The Disease

May 30, 2011
By jness BRONZE, Park Ridge, Illinois
jness BRONZE, Park Ridge, Illinois
1 article 0 photos 0 comments

The news comes like lightening
Spontaneously combusting in your mind
With no notice, no fore warning
Just a phone call, just a call
That informs you your parents
Are picking you up early

Just the minute before laughing and talking
And now the weight of the world
Seems to be teetering on your weak shoulders
The hurt like you could never smile again
All that’s left is a twitch of the lips
And an empty look in the eyes,
The light burned out
And lost forever in your grief,
Consuming you like a black hole

The world is in slow motion
As your break out of the heavy doors
And walk to your stone faced mother,
Standing by the open car door
You stop dead in your tracks
And take everything in
Because you know something is about to happen
And you must hold on to the moment

A single tear slips out of her heavy eyes
As she threatens to open her mouth
Te wind seems to be taking her words
And scattering them to some place where hurt belongs
Here, no hurt can happen

She attempts the gibberish again,
But you still cannot grasp the meaning
It is like trying to hold on to sand,
As it slips through your fingers

You rush back inside,
Away from feeling and any emotion
You look up through watery eyes,
And see your sister giggling and smiling with a friend,
Blissfully and completely unaware
Of the news that awaits her outside
These school doors

You lean against the cold wall
As your knees clack and shake
Like old bones blowing in the wind
You slowly slide down the wall,
Huddling in a protective stance that
You would only use in times of a tornado
But then again, what is the difference?

Your sister rushes over
And you see her mouth moving,
But no words make it to your ears
You lift up your head,
Heavy from the knowledge that you posses

You meet her open and vulnerable eyes,
And say in a voice that does not belong to you,
“Mom is outside.”
She pulls you up, out of the door,
Away from the curios passerby’s
Throwing curious glances at your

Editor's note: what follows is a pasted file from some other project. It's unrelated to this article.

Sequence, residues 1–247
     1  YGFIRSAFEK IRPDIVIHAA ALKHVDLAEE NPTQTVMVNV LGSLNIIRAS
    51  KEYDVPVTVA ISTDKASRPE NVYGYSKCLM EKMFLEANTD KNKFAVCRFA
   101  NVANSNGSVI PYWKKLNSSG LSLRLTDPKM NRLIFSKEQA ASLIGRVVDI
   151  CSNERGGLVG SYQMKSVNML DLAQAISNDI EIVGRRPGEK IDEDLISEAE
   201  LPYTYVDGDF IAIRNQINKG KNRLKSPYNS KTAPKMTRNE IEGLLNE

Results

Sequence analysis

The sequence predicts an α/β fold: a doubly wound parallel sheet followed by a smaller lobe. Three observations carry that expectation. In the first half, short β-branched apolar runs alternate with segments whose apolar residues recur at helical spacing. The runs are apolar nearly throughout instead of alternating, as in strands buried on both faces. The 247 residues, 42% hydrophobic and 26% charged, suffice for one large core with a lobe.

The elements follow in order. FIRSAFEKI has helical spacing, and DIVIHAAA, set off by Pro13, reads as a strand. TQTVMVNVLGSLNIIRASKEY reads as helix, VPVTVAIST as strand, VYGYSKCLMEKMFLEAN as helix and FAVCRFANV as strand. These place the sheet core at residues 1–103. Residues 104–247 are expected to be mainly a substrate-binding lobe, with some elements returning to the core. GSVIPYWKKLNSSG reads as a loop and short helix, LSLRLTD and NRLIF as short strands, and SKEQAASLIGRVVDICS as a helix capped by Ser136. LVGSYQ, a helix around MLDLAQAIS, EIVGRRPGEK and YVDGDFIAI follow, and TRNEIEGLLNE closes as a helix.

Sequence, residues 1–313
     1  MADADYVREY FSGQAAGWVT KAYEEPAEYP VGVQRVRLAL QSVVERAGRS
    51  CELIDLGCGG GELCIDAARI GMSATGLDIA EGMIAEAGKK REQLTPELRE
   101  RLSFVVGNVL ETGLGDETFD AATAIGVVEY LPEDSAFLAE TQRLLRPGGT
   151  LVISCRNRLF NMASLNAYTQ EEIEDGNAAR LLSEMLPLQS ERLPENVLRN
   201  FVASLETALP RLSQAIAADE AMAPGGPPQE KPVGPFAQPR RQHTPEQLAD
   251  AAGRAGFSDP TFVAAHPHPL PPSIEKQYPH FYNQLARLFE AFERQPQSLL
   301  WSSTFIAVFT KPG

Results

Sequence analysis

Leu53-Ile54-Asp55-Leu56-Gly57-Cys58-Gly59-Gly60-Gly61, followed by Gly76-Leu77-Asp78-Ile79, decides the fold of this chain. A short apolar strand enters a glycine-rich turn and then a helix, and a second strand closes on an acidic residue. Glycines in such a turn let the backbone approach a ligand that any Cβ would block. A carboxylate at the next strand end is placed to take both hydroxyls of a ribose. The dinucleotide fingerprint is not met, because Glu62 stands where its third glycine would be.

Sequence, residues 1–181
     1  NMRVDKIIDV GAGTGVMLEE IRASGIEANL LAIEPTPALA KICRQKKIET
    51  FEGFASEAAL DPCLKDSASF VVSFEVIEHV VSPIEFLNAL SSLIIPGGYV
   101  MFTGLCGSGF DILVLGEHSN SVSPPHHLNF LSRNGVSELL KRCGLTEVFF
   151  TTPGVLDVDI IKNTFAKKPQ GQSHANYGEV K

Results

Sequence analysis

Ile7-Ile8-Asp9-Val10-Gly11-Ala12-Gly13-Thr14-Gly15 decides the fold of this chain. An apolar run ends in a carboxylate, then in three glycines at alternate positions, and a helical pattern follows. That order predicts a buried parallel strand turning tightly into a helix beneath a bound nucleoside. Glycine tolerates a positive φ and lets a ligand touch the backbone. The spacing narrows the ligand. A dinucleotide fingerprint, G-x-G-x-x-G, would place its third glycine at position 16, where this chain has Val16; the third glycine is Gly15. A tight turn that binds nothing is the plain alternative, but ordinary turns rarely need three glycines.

Swollen eyes

Your sister leads you to the passenger door
And puts you down on the leather seat
Like a small child
She glances at your mother screaming
In complete agony
And back to your silent and dripping tears

Those gibberish words are said again
There is a flash of confusion,
Watching the sand slide out of your sisters hands
Pain takes over her features
Like a sick disease
That is slowly killing you all

Phone calls are made
With more unidentifiable words
Salty tears roll down your mother’s face
And disappear into her mouth
As she talks to people
Who will now become ill
With this disease

You want to believe that he is not gone
Not lost forever
But the lifeless body sitting in front of you
In a white hospitable bed will not seem to let you

There are moans of grief and fits of rage
Creating a spinning and unforgiving storm
The flat and ominous beep
Of the machinery by his bedside
Is a ringing in your ear
That threatens to take over

He cannot die
No, it is not possible
He has always been
And will continue to be
Through the good and bad,
Happy and sad
Always there, continuing

His skin is not supposed to be that color
His body is not supposed to be so cold
You remember rapping yourself in those
Big, warm arms and
You remember kissing the prickly stubble of his face
That will no longer be,
No longer accept you again

There is a cacophony of sound
That pounds to the beat of your head
The grief takes over, realizing my big man

Is gone forever
And I never got to say goodbye.

Similar Articles


This article has 0 comments.


MacMillan Books

Aspiring Writer? Take Our Online Course!